The Iowa Indians ate different foods just like people today. They hunted animals and grew crops. Some of the animals they hunted for food included buffalo, deer, elk, black bear, turkey, raccoon, and turtle. They also fished.
Chiwere (also called Iowa- Otoe-Missouria or Báxoje -Jíwere-Ñút’achi) is a Siouan language originally spoken by the Missouria, Otoe, and Iowa peoples, who originated in the Great Lakes region but later moved throughout the Midwest and plains.
There is one federally recognized Indian tribe in Iowa today.
The Iowas, once a proud nation whose native lands encompassed an area of the Missouri and Mississippi River Valleys in what is presently Wisconsin, Iowa, Minnesota, Missouri, Kansas, and Nebraska, now found themselves with a strip of land ten miles wide and twenty miles long.
Iowa is actually a Sioux word, meaning sleepy people. The Dakota Sioux were one of several Tribes that could be found throughout Iowa. The others included the Ioway, the Illini, the Otoe, and the Missouria.
It is claimed by some that the word is of Dakota origin, and by the Fi-ench was written “Aiouez, ” and ap]3lied to a branch of the Otoe tribe inhabiting territory west of the Missouri River. Gradually the word became Anglicised to ” Iowa,” which in the Dakota language means “something to write or paint with.”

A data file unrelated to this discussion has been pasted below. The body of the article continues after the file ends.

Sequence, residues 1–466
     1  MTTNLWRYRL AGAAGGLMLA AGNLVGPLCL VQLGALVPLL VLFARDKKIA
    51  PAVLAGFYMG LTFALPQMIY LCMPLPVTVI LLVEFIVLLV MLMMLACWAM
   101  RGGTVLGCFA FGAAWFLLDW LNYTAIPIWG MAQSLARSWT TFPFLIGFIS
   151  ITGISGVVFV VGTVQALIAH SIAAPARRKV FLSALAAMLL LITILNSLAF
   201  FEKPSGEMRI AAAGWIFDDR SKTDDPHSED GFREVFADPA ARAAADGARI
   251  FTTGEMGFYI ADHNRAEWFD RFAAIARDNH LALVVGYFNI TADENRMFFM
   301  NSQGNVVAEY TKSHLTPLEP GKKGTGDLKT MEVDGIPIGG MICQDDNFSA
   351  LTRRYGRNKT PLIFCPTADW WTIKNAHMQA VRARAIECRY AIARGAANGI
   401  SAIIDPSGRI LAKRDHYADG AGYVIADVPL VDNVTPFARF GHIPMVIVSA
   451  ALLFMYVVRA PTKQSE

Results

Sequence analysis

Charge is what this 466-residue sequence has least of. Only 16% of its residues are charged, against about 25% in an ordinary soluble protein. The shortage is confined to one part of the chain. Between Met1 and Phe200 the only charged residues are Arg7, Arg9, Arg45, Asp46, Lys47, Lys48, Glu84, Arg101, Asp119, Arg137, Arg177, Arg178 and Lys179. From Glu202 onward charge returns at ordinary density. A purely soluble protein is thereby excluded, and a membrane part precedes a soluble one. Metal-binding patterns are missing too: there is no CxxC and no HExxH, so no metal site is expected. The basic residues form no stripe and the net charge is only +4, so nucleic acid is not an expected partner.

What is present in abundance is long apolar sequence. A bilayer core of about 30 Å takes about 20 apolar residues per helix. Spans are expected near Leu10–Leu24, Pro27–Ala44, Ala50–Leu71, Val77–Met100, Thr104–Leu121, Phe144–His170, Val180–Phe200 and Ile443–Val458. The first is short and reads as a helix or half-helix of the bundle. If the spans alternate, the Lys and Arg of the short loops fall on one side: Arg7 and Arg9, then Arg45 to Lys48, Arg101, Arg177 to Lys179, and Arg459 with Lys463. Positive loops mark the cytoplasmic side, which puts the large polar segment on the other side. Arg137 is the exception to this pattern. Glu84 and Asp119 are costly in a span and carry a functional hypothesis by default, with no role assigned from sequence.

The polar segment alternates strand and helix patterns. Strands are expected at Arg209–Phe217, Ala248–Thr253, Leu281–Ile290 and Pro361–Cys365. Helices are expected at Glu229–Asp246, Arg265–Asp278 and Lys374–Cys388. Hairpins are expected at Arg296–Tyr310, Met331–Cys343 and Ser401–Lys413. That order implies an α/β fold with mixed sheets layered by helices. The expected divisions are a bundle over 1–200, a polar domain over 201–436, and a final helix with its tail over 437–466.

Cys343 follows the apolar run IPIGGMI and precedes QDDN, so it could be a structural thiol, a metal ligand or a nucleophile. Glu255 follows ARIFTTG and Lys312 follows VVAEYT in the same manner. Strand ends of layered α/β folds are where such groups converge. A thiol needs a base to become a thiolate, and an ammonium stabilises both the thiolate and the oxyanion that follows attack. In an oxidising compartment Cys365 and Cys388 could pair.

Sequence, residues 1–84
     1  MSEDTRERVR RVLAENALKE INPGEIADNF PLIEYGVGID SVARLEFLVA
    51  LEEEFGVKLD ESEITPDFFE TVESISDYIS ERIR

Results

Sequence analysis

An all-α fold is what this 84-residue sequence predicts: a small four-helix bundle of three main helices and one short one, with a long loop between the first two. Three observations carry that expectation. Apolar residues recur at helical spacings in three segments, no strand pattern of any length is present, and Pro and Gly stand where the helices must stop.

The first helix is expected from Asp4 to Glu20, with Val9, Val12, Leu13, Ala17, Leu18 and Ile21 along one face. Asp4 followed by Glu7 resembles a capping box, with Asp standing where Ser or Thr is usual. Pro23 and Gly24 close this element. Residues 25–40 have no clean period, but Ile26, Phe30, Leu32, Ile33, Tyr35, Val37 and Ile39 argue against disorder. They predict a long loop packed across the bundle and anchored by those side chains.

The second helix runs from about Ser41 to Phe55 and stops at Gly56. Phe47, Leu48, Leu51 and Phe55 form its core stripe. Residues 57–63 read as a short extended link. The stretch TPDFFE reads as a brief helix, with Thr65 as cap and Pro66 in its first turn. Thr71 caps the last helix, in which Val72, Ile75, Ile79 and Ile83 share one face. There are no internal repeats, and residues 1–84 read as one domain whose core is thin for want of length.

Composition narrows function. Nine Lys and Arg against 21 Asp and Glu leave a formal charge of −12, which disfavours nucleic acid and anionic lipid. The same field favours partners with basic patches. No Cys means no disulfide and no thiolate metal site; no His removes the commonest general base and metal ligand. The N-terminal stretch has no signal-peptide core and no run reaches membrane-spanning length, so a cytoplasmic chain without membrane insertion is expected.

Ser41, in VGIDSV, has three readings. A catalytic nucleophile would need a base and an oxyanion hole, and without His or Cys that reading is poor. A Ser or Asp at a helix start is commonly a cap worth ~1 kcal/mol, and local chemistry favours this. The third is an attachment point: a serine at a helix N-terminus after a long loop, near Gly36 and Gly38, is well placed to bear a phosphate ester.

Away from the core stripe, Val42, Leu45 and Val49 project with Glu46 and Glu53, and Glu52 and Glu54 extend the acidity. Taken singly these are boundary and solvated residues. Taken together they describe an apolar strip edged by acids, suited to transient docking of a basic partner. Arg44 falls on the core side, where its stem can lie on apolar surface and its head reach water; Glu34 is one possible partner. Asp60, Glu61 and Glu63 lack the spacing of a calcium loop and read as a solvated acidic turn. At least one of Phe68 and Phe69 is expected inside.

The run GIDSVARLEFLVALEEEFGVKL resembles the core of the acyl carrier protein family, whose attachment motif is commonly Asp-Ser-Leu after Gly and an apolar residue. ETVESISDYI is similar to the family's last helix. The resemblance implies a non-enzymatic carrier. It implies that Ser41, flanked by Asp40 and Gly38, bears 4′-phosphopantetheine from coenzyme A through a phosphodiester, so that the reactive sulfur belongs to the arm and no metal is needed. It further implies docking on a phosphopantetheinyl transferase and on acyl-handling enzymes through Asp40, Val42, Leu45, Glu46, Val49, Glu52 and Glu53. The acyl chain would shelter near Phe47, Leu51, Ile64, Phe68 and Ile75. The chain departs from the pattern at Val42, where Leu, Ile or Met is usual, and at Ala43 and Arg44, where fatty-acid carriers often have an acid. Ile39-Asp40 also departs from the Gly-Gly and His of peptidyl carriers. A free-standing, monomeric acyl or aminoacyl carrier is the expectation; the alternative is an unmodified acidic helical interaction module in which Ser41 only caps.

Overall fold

The Ioway (also called the Iowa ) tribe lived in Iowa before European-American settlers arrived in the 1830s. They lived in villages along major rivers such as the Mississippi and the Missouri.
Today, there are three current indian reservations in the state of Iowa, and one that has been disbanned.
The Plains people were marvelous artists. Pipes: They carved pipes out of wood. Painting: They made paints and natural dyes using berry juice and other plants in nature. Porcupine Quills: The Plains People wove geometric designs (squares, triangles, diamonds) into their clothing, moccasins, and other personal goods.
The Iowa or Ioway, known as the Bah-Kho-Je or Báxoje in their language, Chiwere ( Báxoje ich’é), are a Native American Siouan people. Today, they are enrolled in either of two federally recognized tribes, the Iowa Tribe of Oklahoma and the Iowa Tribe of Kansas and Nebraska.
Sources vary; the traditional story is that ” Alabama ” comes from the native American Creek language ( meaning “tribal town”). Other sources claim it is derived from the Choctaw language, translating as “thicket-clearers” or “vegetation-gatherers.”
Iowa derives its name from the Ioway people, one of the many Native American nations whose territory comprised the future state at the time of European colonization.
The Hawkeye State is the nation’s top pork and corn producer. Iowa, also known as the Hawkeye State, became the nation’s 29th state in 1846. Iowa has the most pigs of any state and is the nation’s top pork producer.